Posts Tagged ‘Conversion’

Code Providers – Convert to Integer

August 30th, 2012 Comments off

The Convert to Integer code provider allows you to wrap an expression returning a non-integer value to Math.Ceiling, Math.Floor, or Math.Round. Consider the following code sample:

CodeRush Convert to Integer sample code

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Refactorings for Loops and Blocks overview

August 28th, 2012 Comments off

This is just a quick overview list to organize a bunch of refactorings that deal with loops and blocks. Click the refactoring name to learn more about it.

Add Block Delimiters

This refactoring embeds a single statement into curly braces.

Consolidate Using Statements

This refactoring combines several neighboring or nested using statements that cover variables of the same type into a single using statement.

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The Lock to Try/Finally refactoring

August 27th, 2012 Comments off

Locking is essential in programs with multi-threading. It restricts code from being executed by more than one thread at the same time. The lock statement gets the exclusive monitor for an object and ensures that no other thread can access the object until the lock is released.

The lock statement automatically generates exception safe code, and in fact it is a syntactic shortcut for a call to the methods Monitor.Enter(obj) and Monitor.Exit(obj) with a try/finally block. However, if the thread is aborted after the lock is acquired but before entering the try block, the lock will not be released. Also, bear in mind that the Monitor.Enter() waits to acquire the lock forever which may introduce a possible deadlock condition.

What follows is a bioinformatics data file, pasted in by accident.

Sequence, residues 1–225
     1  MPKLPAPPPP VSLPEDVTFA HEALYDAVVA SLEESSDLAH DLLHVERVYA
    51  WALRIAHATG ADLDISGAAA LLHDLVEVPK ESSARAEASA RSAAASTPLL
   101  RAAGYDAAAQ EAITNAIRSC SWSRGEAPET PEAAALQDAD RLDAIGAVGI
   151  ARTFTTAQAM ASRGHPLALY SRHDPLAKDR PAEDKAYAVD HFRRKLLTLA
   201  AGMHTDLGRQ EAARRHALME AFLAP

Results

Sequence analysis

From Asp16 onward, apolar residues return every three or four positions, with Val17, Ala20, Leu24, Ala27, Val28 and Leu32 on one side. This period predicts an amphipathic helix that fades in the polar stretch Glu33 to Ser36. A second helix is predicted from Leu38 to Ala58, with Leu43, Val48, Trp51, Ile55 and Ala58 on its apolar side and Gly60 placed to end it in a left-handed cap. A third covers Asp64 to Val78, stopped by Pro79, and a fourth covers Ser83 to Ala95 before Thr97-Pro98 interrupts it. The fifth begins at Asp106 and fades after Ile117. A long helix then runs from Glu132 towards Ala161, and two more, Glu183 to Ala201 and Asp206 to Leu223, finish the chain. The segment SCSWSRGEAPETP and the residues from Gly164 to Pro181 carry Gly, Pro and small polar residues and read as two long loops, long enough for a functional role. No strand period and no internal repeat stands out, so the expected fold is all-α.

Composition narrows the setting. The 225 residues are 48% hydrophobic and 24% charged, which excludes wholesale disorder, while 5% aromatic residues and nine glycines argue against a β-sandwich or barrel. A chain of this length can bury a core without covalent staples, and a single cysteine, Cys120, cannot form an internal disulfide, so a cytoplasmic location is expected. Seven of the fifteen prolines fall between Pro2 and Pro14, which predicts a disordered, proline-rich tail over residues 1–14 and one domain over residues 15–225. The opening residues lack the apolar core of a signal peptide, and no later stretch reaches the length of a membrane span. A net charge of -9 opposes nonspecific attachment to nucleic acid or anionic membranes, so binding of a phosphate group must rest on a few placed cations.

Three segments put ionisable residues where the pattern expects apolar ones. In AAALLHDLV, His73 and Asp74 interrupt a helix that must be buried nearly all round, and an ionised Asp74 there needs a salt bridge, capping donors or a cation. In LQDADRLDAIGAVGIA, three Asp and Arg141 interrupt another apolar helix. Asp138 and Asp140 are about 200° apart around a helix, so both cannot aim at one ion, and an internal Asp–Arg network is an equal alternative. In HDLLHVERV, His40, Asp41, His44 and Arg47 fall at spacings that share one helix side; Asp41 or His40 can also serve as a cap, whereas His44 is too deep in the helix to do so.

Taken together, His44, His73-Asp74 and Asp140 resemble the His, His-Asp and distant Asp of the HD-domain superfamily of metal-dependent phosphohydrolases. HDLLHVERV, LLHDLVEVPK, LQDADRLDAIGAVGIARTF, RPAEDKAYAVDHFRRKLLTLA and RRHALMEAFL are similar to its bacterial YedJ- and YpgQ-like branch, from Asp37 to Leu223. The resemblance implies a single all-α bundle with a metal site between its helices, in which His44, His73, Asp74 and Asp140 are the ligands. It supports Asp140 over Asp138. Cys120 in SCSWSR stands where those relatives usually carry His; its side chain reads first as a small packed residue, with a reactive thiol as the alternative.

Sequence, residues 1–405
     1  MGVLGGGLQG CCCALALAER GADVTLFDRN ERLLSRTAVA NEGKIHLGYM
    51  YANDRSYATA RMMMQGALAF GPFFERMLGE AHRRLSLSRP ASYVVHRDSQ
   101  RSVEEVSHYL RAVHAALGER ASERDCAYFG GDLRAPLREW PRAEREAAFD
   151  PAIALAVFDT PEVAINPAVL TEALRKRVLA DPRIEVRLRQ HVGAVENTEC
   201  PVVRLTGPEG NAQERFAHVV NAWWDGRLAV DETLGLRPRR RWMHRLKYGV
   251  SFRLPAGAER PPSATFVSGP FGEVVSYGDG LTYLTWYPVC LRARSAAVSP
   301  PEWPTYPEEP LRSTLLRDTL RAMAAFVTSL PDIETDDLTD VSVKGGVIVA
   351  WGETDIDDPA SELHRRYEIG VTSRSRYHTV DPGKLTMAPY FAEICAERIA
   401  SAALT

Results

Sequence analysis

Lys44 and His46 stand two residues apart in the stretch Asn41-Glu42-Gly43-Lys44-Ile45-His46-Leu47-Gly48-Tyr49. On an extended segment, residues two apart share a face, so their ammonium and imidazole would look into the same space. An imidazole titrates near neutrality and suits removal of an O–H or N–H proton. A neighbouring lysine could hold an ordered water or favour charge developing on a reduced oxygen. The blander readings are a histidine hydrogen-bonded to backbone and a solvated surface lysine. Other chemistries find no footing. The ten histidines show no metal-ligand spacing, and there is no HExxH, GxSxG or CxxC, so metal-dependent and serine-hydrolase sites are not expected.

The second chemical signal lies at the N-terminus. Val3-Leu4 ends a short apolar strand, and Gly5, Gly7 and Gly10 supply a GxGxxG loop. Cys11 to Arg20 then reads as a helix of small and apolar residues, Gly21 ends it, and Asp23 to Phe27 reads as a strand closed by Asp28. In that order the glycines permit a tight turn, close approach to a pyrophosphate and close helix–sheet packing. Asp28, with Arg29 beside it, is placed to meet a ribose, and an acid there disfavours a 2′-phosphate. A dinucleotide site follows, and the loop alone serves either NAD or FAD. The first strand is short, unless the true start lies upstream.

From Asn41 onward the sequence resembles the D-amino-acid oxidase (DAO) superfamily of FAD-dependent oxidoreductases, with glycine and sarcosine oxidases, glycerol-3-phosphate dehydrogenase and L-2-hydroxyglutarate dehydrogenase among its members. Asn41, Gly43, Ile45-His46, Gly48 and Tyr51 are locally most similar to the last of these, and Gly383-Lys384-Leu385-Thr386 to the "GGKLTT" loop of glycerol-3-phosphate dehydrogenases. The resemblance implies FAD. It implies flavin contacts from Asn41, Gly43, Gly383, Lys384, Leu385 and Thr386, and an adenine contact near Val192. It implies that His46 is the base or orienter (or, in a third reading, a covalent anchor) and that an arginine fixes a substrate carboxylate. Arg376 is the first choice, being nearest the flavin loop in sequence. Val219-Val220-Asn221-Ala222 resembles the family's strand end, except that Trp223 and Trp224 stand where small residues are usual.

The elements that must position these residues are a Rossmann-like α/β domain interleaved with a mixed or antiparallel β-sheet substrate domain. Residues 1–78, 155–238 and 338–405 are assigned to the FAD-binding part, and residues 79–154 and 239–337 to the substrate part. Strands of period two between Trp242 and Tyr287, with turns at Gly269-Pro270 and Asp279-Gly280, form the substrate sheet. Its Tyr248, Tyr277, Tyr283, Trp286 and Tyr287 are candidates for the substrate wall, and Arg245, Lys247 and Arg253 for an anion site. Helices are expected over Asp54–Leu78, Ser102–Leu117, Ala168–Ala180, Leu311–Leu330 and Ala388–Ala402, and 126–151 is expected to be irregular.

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Refactoring using statements with CodeRush/Refactor!

May 9th, 2012 Comments off

As many of you know, the using statement is a good tool for managing types which will be accessing unmanaged resources. The using statement provides a simple and convenient syntax that ensures that objects that implement the IDisposable interface are correctly disposed.

If the object is not disposed, CodeRush highlights the undisposed variables with the “Undisposed local” code issue:

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Refactorings specific to auto-implemented properties

July 12th, 2011 Comments off

Auto-implemented properties enable you to quickly specify a property without having to write logic for the property accessors. The auto-property’s logic and the field serving as a backing store are automatically generated by the compiler. Such properties appeared in C# version 3.0 and Visual Basic version 10.0.

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